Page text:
• #### Doesn't matter if it works (Score:2, Insightful)

by Anonymous Coward

Can you write a windows installer for it and sell it to gamblers?

• #### Nerd (Score:2)

Like many technically-minded people, I don't have a lot of time to keep up with sports.

The word you're looking for is "Nerd". It's OK to say it, it's in the title-bar of Slashdot.

• #### Re: (Score:3)

You know, for stereotypical nerd behaviour like communicating to each other in incomprehensible jargon and obscure references that other people don't get, obsessive behaviour, dressing up in ridiculous costumes for gatherings, etc, I've come to realize that nothing beats a hard-core sports fan.

• #### I'll go with the squid (Score:2)

Just have to find one with 32 tentacles. Or a large appetite.
• #### Behind the Curve (Score:1)

You're some way behind the curve if you want to make money sports betting on this. There is an extreme non-stationarity problem with basketball teams which inevitably means methods using past statistics will never be that successful. I know of professional basketball modellers who pay an army of students and the like to watch college games while clicking on hand-held devices to record second-by-second data on passes, interceptions etc. This data is then fed into their models and provides a very accurate pic
• #### *YAWN* (Score:2)

Between 70 and 80%. That's a HUGE difference. That means that compared to the other computerized systems out there [thepredictiontracker.com] you're either totally awesome or really suck.

That's like saying, "I did a lap in a Formula 1 car, and I'm either 15 seconds ahead of last year's world champion, or I'm a minute behind the field."

You haven't done this before, have you?
• #### A plug for Nate Silver's FiveThirtyEight (Score:1)

His statistical reasoning is always well described, so that if you disagree with his results, at least you understand why you disagree. He's got "picks" [nytimes.com] and a description of the system [nytimes.com] used to generate them.

The original article is an interesting network analysis exercise, but it is really limited by its assumption of no a priori quality data. (Any time you beat Kentucky or North Carolina or other perennial powerhouses, that's almost always a quality win.) Sagarin and LRMC follow similar logic, but without a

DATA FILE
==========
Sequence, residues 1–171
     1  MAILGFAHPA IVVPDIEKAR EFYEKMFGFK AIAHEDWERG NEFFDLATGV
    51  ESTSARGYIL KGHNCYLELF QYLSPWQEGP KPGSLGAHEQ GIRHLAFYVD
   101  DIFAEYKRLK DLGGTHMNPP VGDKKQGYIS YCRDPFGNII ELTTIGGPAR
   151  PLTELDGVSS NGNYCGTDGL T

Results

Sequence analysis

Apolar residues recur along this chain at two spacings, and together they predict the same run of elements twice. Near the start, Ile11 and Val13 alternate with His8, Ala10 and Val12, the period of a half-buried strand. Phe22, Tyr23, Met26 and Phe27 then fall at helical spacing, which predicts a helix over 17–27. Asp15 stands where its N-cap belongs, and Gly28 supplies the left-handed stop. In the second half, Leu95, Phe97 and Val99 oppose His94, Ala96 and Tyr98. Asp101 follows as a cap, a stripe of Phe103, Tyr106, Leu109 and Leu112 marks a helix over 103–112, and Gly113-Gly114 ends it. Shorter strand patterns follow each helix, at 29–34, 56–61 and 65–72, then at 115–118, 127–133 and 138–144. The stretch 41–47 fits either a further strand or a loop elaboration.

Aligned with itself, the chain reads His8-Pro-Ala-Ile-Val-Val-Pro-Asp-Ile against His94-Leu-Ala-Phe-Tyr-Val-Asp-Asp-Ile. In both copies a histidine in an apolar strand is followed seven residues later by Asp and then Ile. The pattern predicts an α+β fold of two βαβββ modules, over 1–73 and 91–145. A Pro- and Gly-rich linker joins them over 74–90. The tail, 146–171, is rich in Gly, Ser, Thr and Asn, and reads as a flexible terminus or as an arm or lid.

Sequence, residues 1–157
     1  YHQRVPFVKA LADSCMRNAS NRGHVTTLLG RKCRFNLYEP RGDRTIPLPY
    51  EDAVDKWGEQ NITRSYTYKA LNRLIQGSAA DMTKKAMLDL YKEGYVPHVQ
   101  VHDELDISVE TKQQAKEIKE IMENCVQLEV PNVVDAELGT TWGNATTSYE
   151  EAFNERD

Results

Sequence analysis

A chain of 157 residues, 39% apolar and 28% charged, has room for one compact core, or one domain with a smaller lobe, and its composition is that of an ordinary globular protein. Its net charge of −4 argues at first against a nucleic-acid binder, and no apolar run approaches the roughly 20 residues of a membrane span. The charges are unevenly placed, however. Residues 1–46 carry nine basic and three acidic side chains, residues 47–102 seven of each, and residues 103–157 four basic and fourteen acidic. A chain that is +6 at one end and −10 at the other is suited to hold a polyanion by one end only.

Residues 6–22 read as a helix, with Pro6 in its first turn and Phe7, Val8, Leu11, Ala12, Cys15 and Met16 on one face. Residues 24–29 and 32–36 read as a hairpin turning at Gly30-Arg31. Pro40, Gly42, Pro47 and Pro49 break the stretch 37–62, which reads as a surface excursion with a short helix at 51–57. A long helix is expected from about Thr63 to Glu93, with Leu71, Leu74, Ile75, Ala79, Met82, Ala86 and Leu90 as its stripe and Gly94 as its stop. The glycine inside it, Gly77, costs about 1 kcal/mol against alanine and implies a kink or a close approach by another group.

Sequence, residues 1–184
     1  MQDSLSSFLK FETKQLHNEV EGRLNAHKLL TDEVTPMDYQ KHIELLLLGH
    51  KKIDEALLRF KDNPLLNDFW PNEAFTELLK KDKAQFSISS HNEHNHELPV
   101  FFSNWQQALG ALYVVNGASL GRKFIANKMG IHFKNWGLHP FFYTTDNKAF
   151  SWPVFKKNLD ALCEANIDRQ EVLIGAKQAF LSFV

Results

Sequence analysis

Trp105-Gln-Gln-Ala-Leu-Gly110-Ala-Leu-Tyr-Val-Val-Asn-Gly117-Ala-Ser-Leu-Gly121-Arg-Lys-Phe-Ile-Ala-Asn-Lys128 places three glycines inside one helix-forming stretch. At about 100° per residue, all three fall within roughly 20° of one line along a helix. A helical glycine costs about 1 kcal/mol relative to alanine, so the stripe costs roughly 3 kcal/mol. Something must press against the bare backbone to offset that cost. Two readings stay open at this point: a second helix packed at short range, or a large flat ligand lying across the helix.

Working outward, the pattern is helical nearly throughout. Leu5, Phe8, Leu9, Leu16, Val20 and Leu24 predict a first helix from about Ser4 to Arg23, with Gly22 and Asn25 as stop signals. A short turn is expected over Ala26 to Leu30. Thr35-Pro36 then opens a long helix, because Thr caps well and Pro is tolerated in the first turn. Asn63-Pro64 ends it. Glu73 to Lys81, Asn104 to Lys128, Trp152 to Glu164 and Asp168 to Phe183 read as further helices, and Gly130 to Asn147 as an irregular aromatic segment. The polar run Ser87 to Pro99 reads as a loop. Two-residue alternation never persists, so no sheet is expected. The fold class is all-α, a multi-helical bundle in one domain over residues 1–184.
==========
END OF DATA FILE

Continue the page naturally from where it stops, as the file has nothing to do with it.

• #### Not enough time? (Score:4, Insightful)

on Tuesday March 13, 2012 @10:36AM (#39338601)

You don't have time to follow sports, but you have time to model "information from 5242 games played during the 2011-2012 season".

You could be honest and just say you don't really care, but get involved in the playoffs because everyone else is talking about it.

I'm guessing your level 80 warlock probably doesn't 'have time' either. :)

• #### Re: (Score:1)

That's a dark elf mohawk! Pity the fool!
• #### Re: (Score:2)

You don't have time to follow sports, but you have time to model "information from 5242 games played during the 2011-2012 season".

How is that a contradictory statement? He's so busy doing data modeling stuff that he doesn't have time to watch sports.

When someone says they "don't have time" to do something, it's generally because they're very busy with....gasp....other things!

• #### My Best Luck (Score:2)

It seems in office pools I do the best by picking favorite team colors.

• #### Re: (Score:2)

I "won" an office pool once without even playing. I told the guy that I could win the whole thing, but, as I didn't want to take their money through gambling, I would just tell him my picks after it was closed.

The problem? He was giving points to each "winner" based on their number. If a #1 won, you got one point. If a #12 won, you got 12 points. I just picked 9-16 the whole tournament through. (He admitted that they all would have hated me had I played.) After the first round, with 4 upsets, there w

• #### The problem is (Score:2)

There's too much data and too many variables. Even just inputting all the known, public data might significantly improve the accuracy, but there's also lots of unknown private data that can influence games. Algorithms like this can't account for things like the coach's son getting killed in an automobile accident the night before a game, or the star center getting hit with a bad flu. And when you make it complex enough to take in all that data, it still has to get all that data somewhere, which means it has

• #### Yes, I see... (Score:2)

.

... modeled the win-loss history of all Division I teams as a weighted network. The network included information from 5242 games played during the 2011-2012 season. From this, teams came be ranked using tools from graph theory ...

... you obviously don't have enough time to keep up with sports.